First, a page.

An international press advocacy group is urging India to immediately withdraw its media repression in Occupied Kashmir, saying it has handed unimpeded powers to authorities.
RSF appalled by Orwellian press policy in Indian-held Kashmir | RSF https://t.co/oTacIk7cpj
— Paul Staniland (@pstanpolitics) June 20, 2020
In a statement, Reporters Without Borders (RSF) said the new policy allowed Indian officials to harass journalists and media judicially and economically if they “published content it doesn’t like,” it said, describing this as “prior censorship” and stating that media repression in Occupied Kashmir must be ended.
Media repression in Occupied Kashmir flayed by rights groups
Under the policy, the government’s information and public relations department (DIPR) exercises “pre- and post-publication control over all journalism in the territory for the next five years,” it added.
“By means of this totally Orwellian regulation, the Jammu and Kashmir administration becomes plaintiff against the free press, judge and executioner all in one,” said the RSF.
Read more: India extends gag on 4G in Kashmir
A Srinagar-based journalist told Anadolu Agency that the new media policy was “merely a legal cover to what is already going on in Kashmir.”
“For the last couple of months, many of our colleagues were booked under stringent laws, many were summoned [by police] and interrogated for their professional work or social media posts,” said the journalist, who wished to remain anonymous.
India’s increasing intolerance of free media in Occupied Kashmir
Covering violent protests, which frequently see Indian forces use lead-pellet-firing shotguns on protestors, has become even harder.
“We’re stopped miles away. No investigation by journalists is possible,” said Umer Arif, a freelance journalist.
“So, we show what the government forces want us to show, not much else.”
Foreign journalists also need special permission to visit the territory.
Editors guild slams Chairman of Press Council for his unilateral statement (issued on behalf of the Council without even consulting other members) in support of restrictions on the media in Kashmir pic.twitter.com/qACyjsmKpM
— Prashant Bhushan (@pbhushan1) August 28, 2019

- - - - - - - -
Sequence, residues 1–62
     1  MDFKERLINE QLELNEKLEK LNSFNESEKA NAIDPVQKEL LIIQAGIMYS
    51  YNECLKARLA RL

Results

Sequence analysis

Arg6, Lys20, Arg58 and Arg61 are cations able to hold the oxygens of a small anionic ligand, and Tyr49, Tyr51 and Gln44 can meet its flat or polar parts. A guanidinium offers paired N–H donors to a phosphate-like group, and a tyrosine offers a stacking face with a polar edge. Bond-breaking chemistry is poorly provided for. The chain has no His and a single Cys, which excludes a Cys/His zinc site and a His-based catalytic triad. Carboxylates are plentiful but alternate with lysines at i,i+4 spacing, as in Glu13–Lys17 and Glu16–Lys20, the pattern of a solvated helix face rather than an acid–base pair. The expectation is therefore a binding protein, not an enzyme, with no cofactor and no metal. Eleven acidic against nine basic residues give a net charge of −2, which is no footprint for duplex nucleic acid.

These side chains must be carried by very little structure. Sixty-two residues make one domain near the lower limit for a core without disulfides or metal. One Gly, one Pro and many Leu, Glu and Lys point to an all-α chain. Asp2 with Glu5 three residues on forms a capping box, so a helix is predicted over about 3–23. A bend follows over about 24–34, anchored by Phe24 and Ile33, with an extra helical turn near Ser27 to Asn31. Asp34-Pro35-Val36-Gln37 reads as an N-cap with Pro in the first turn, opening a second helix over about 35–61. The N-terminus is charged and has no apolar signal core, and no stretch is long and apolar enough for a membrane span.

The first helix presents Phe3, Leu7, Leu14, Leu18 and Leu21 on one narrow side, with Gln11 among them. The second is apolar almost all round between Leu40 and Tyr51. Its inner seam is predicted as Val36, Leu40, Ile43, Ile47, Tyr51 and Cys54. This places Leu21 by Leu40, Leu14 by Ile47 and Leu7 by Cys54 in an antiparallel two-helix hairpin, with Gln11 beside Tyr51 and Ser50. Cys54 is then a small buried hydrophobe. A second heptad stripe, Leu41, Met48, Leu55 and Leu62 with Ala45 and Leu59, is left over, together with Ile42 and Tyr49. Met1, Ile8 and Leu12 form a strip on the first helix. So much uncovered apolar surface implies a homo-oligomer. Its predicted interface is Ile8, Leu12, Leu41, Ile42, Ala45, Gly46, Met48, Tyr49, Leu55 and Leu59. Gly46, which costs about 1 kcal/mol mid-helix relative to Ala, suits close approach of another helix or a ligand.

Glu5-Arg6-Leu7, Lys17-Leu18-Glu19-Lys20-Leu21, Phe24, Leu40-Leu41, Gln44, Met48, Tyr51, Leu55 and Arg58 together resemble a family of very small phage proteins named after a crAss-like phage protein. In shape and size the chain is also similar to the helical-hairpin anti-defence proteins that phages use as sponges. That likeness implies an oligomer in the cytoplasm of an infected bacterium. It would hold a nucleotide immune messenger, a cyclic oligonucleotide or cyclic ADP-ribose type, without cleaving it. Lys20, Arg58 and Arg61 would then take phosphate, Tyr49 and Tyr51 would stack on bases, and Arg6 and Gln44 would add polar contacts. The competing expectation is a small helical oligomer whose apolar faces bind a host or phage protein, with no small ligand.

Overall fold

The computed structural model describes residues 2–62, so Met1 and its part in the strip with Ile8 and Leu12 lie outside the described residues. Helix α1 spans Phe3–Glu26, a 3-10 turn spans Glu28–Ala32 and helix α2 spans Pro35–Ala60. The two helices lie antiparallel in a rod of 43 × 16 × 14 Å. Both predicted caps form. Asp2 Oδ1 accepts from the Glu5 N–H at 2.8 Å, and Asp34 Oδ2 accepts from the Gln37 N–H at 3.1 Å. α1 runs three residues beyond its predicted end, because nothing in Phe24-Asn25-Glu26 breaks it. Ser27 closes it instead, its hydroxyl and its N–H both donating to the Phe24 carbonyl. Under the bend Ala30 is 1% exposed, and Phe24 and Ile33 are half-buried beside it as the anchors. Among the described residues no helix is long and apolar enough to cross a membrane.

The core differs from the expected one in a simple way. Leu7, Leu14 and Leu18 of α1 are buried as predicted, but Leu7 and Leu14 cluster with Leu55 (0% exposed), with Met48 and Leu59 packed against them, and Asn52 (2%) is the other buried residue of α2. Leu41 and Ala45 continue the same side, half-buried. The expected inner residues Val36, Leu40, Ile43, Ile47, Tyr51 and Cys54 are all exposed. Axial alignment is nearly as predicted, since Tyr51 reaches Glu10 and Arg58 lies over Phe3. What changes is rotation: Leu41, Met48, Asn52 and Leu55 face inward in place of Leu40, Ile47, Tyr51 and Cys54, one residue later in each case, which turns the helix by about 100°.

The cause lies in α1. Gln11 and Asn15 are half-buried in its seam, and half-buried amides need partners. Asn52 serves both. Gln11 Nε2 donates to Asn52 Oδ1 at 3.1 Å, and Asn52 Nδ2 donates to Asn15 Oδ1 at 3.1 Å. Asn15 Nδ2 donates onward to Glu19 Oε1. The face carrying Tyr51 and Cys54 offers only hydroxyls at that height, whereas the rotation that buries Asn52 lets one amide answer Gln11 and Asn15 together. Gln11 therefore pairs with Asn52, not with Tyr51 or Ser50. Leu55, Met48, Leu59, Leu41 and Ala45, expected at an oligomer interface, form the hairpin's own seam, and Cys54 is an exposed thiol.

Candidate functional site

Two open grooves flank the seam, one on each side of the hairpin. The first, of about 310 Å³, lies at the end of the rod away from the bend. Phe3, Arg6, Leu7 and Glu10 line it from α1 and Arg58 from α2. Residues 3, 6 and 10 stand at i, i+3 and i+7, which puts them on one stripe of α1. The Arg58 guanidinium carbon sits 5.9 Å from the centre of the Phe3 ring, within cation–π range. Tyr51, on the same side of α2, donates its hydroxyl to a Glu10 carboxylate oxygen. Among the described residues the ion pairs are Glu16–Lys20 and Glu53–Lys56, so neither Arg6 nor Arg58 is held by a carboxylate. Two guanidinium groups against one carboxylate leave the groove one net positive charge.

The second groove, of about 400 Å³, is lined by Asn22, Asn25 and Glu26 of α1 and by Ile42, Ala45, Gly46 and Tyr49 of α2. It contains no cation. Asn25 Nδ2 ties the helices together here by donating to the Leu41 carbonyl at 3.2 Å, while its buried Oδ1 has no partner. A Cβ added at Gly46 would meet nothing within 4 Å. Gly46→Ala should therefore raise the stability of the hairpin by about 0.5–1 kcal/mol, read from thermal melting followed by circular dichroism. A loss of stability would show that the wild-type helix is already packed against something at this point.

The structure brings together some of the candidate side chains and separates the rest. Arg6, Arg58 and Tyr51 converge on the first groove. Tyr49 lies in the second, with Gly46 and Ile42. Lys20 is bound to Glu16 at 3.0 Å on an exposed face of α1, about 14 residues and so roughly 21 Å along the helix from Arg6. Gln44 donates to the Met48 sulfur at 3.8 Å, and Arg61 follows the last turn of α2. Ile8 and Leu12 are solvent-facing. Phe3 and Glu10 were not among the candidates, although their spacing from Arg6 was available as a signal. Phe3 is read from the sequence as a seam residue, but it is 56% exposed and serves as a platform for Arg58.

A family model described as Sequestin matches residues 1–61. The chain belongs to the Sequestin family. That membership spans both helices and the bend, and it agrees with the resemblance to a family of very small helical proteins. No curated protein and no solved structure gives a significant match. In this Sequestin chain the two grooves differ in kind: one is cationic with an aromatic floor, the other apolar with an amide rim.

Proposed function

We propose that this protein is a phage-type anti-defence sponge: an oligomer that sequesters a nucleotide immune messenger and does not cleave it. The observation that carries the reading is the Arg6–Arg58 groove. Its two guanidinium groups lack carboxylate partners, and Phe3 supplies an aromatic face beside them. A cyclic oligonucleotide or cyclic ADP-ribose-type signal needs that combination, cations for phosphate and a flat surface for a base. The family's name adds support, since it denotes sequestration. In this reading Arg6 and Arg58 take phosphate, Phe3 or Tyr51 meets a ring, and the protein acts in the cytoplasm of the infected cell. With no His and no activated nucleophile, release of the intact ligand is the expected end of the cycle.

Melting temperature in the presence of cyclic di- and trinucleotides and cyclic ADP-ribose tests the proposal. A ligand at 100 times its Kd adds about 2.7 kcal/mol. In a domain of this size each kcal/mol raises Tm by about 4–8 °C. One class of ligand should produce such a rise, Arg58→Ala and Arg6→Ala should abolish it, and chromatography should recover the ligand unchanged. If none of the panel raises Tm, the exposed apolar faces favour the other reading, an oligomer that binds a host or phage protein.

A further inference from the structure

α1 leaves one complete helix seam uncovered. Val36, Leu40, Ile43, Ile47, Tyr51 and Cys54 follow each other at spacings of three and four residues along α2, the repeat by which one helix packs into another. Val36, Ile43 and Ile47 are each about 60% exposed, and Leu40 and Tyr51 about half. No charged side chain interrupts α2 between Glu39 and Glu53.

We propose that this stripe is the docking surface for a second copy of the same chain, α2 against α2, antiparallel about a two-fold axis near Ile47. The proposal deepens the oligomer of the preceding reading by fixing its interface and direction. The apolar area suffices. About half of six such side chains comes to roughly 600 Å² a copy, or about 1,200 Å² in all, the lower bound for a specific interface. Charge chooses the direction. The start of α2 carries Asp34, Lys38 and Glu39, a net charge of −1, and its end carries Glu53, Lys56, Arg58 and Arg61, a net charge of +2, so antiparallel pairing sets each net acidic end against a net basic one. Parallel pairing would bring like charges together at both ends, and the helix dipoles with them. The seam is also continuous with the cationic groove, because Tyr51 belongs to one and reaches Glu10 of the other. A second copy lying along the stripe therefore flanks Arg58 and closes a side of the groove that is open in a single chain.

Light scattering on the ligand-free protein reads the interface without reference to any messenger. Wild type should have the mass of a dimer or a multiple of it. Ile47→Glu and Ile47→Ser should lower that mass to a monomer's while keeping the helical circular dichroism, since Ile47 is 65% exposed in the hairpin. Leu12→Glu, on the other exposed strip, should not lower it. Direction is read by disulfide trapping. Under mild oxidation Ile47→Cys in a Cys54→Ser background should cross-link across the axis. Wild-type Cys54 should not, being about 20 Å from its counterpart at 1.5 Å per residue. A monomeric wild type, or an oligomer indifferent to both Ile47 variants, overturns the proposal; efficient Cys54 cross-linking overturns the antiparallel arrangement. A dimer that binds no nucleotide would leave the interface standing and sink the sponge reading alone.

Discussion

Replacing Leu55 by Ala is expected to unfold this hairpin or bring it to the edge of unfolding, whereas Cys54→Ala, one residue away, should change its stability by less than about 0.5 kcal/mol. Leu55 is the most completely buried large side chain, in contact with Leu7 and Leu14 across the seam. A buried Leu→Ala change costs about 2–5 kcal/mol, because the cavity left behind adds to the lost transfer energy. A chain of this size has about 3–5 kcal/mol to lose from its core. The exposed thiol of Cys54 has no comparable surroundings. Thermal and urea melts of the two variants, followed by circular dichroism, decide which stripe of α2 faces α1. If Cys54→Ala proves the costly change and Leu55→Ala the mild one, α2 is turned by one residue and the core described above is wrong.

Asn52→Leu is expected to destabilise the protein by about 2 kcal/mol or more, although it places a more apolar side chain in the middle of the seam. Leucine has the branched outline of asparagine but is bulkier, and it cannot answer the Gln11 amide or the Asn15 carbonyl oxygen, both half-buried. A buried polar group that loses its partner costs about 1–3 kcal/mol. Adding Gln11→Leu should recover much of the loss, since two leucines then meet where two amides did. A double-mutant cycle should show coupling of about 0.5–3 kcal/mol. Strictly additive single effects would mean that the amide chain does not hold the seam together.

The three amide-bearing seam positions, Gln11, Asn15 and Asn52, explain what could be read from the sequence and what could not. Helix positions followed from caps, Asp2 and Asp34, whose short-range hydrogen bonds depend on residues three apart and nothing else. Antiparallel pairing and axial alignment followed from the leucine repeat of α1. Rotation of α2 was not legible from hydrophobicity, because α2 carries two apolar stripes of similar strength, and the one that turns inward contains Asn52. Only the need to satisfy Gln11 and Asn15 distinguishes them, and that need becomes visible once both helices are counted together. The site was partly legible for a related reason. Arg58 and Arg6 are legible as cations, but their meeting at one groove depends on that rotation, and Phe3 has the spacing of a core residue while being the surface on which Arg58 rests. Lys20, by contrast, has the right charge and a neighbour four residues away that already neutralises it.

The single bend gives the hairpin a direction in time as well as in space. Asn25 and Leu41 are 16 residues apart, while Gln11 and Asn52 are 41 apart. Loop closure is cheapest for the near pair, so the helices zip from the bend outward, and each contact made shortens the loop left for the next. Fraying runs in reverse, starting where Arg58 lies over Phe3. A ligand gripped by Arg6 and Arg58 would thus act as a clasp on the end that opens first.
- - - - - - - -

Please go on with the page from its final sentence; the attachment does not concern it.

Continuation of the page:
India’s part of Kashmir was brought under New Delhi’s direct rule in June 2018 after Modi’s Bharatiya Janata Party (BJP) withdrew support for its local partner and dissolved the elected local government.
Read more: Media put in chains in Kashmir
The government has also stopped issuing advertisements to Kashmir Reader and Greater Kashmir, the biggest English-language daily, effectively “choking” it, according to its editor-in-chief Fayaz Ahmad Kaloo.
That has left little money in the media for reporting or investigations.
The Committee to Protect Journalists (CPJ), says the freeze on advert spending is one of a battery of moves by the central government “to silence criticism of its policies in Kashmir”.
“They want independent voices to go to oblivion,” added Anuradha Bhasin, editor of Kashmir’s oldest English-language newspaper the Kashmir Times.
Media repression in Occupied Kashmir: fake news rife
The RSF said the DIPR would conduct a “background check” of every publisher, editor and reporter before their media outlet is granted “empanelment” — its term for official approval.
“Any individual or group indulging in fake news, unethical or anti-national activities or in plagiarism shall be de-empaneled besides being proceeded against under law,” the new policy says, according to the RSF.
“As there is no definition of what constitutes fake news or anti-national content, the government has absolutely infinite interpretative leeway to censor any journalism it does not like and to impose its own narrative,” said Daniel Bastard, the head of RSF’s Asia-Pacific desk.
“The media policy is clearly in line with the attempts at controlling the press freedom in Kashmir and such attempts have increased manifold after August 2019,” the Kashmiri journalist added.
Kashmir: no-man’s land
Kashmir is held by India and Pakistan in parts but claimed by both in full. A small sliver of Kashmir is also controlled by China. Since they were partitioned in 1947, the two countries have fought three wars — in 1948, 1965 and 1971, two of them over Kashmir. Some Kashmiri groups in Jammu and Kashmir have been fighting against Indian rule for independence or unification with neighboring Pakistan. Thousands of people have been killed and tortured in the conflict since 1989, according to several human rights organizations.
Some 70,000 people, mostly civilians, have died over the past 30 years in Indian-Occupied Kashmir, monitoring groups say.
The fighting is between Indian soldiers – who number around 500,000 on the ground – and freedom fighters wanting either independence or union with Pakistan.
Clashes between security forces and militants – which often escalate as demonstrators gather – have been a near-daily occurrence since India launched “Operation All Out” after the death of charismatic freedom fighter Burhan Wani in 2016.
On Aug. 5 last year, India scrapped the region’s limited autonomy under Article 370 of the Indian constitution, downgraded the status of the disputed region and also divided it into two centrally-administered territories.
Anadolu with additional input by GVS News Desk
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